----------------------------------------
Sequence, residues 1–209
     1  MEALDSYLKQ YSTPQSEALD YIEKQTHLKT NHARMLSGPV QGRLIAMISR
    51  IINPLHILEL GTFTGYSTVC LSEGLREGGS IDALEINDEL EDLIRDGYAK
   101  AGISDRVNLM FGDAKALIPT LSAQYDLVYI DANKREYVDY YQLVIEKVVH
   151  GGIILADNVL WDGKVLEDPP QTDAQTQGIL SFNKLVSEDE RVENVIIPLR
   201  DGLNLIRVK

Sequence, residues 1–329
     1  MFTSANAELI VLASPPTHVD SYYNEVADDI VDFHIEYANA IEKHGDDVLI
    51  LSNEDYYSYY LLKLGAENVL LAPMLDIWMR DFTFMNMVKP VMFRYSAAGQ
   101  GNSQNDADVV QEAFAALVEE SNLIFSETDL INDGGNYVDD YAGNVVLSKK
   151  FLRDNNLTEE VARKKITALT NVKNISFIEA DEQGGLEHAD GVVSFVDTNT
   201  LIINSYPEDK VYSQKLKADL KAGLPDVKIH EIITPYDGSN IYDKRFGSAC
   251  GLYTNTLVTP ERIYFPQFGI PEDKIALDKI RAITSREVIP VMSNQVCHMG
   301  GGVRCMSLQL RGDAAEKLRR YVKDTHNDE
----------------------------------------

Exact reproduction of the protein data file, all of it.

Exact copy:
Sequence, residues 1–209
     1  MEALDSYLKQ YSTPQSEALD YIEKQTHLKT NHARMLSGPV QGRLIAMISR
    51  IINPLHILEL GTFTGYSTVC LSEGLREGGS IDALEINDEL EDLIRDGYAK
   101  AGISDRVNLM FGDAKALIPT LSAQYDLVYI DANKREYVDY YQLVIEKVVH
   151  GGIILADNVL WDGKVLEDPP QTDAQTQGIL SFNKLVSEDE RVENVIIPLR
   201  DGLNLIRVK

Sequence, residues 1–329
     1  MFTSANAELI VLASPPTHVD SYYNEVADDI VDFHIEYANA IEKHGDDVLI
    51  LSNEDYYSYY LLKLGAENVL LAPMLDIWMR DFTFMNMVKP VMFRYSAAGQ
   101  GNSQNDADVV QEAFAALVEE SNLIFSETDL INDGGNYVDD YAGNVVLSKK
   151  FLRDNNLTEE VARKKITALT NVKNISFIEA DEQGGLEHAD GVVSFVDTNT
   201  LIINSYPEDK VYSQKLKADL KAGLPDVKIH EIITPYDGSN IYDKRFGSAC
   251  GLYTNTLVTP ERIYFPQFGI PEDKIALDKI RAITSREVIP VMSNQVCHMG
   301  GGVRCMSLQL RGDAAEKLRR YVKDTHNDE